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BEN-GURION UNIVERSITY OF THE NEGEV


Dr Sarah Abu-Kaf


It was Dr Sarah Abu-Kaf’s experience of growing up in a Bedouin community that would shape her career path. As a young woman, she


had little hope of receiving a higher education. “The university was a short drive from my house, but it might as well have been light years away,” she recalls. “Higher education was perceived as impossible in my society.” But her husband, who had studied at BGU, encouraged her, and in 1994 she was accepted to the psychology and economics programs. “I think there were just five Bedouin women students at the time,” she says. Dr Abu-Kaf soon began to


see her diversity as an asset, allowing her to study her community as an insider and from an academic perspective. She completed her BA, MA and PhD at BGU and pursued postdoctoral training at Harvard University. She now researches a wide range of topics, from the adjustment to academic life by Arab students to the coping methods of Israeli spouses going through a divorce. The first clinical psychologist in a Bedouin society, she was named one of the 50 most influential women of 2018 by Forbes Israel. “BGU began reaching out to


the Bedouin world,” she says. “I was proud to play a role in this process, helping to craft culturally appropriate ways to help bridge the gaps.” Today, there are over 500 Bedouin students at BGU, more than 80 percent of whom are women.


Championing entrepreneurship


From Israel’s first student-run venture capital fund to its first Innovation District, Ben-Gurion University is the growth engine of a thriving ecosystem


One of the main roles of universities is to prepare students for the day they graduate, providing them with the skills they will need to remain flexible and adaptable in various situations. BGU sees entrepreneurship as essential to these fast-paced and challenging times, when many of us are required to adjust to changes, re-invent our talents and rapidly implement the ever-changing technology around us. Through the Yazamut 360 entrepreneurship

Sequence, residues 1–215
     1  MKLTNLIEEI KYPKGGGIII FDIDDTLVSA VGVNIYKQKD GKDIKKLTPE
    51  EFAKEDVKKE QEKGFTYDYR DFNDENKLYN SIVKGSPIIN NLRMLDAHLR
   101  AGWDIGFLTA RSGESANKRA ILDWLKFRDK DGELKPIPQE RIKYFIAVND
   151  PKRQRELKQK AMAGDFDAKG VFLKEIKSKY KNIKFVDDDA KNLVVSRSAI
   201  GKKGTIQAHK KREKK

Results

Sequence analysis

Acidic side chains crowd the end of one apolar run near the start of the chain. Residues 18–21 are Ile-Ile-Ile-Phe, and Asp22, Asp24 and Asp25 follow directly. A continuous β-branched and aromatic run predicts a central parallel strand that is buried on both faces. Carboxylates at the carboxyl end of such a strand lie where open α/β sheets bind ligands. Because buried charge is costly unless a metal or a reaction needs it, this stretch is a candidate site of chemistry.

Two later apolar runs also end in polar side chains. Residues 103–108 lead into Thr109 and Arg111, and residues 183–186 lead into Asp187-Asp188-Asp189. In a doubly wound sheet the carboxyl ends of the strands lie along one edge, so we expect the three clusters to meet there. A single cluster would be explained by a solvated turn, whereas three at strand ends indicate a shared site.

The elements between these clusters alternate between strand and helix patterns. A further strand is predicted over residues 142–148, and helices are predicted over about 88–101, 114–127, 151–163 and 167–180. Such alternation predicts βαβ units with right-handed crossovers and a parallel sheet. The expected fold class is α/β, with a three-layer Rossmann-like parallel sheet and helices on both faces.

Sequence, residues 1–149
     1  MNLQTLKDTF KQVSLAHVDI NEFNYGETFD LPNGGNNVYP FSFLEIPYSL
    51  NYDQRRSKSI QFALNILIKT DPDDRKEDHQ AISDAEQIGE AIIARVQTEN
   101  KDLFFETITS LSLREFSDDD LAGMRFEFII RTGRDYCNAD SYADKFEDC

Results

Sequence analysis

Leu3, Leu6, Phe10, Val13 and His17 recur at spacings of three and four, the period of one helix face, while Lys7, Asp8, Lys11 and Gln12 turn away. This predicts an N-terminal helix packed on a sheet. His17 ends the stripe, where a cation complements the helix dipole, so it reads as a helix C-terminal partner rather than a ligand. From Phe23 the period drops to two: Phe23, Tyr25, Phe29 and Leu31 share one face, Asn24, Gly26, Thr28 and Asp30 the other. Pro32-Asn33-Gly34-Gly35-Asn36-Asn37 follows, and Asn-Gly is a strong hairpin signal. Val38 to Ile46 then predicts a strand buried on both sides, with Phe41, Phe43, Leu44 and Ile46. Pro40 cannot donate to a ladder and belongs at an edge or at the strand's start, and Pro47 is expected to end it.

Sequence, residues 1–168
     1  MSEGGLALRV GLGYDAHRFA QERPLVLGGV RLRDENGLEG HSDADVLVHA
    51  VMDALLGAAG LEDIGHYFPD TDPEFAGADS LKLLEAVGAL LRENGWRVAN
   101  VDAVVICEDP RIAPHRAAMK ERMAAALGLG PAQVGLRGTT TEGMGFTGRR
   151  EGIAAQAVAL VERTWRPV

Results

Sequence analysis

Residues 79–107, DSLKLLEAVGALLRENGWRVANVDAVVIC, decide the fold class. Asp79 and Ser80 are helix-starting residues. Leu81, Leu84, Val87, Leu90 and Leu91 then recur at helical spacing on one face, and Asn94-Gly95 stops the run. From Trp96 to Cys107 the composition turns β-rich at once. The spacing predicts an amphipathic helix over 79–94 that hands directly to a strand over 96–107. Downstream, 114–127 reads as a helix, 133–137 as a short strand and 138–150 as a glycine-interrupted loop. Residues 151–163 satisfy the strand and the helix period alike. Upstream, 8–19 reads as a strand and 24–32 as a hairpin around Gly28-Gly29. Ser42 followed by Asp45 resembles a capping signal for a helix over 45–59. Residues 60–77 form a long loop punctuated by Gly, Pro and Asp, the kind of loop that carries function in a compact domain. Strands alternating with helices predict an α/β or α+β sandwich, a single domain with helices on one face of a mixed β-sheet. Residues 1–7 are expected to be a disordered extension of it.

center, the university boasts Israel’s first student- run venture capital fund, Cactus Capital: founded by the BGU administration, it backs students and recent graduates on their path to tech and social entrepreneurship, while cultivating the next generation of student investors. As part of this project, students undergo training on how to become venture capitalists before seeking investments on campus. Outstanding student entrepreneurs then receive the resources they need to grow their endeavors from BGU as well as an early-stage investment of up to $20,000. Meanwhile, the Advanced Technologies Park


— a joint venture between the university and the local municipality — maximises the open flow of


10 Israeli Academia | 2021


ideas between academia and industry. Situated across the main campus, the project allows university students, researchers and alumni to work with some of the most exciting multinational companies, start-ups and accelerators.


Israel’s first Innovation District When Be’er-Sheva was selected to plan Israel’s first Innovation District, it was no surprise that BGU — with its impressive background in innovation and ties to the local community — was chosen to be one of the new area’s central components. The plan is for the new District to become a bustling center for commerce, community building, creative development and technological advancement. BGU was also chosen due to its international


leadership in desertification research and the development of strategies to provide food, water and energy in the world’s resource-scarce areas. Benny Dreyfuss, director general of the Ministry of Construction and Housing, says: “The next stage following the launch will focus on initial economic investments in fields such as digital health, desertification and cyber-security.”


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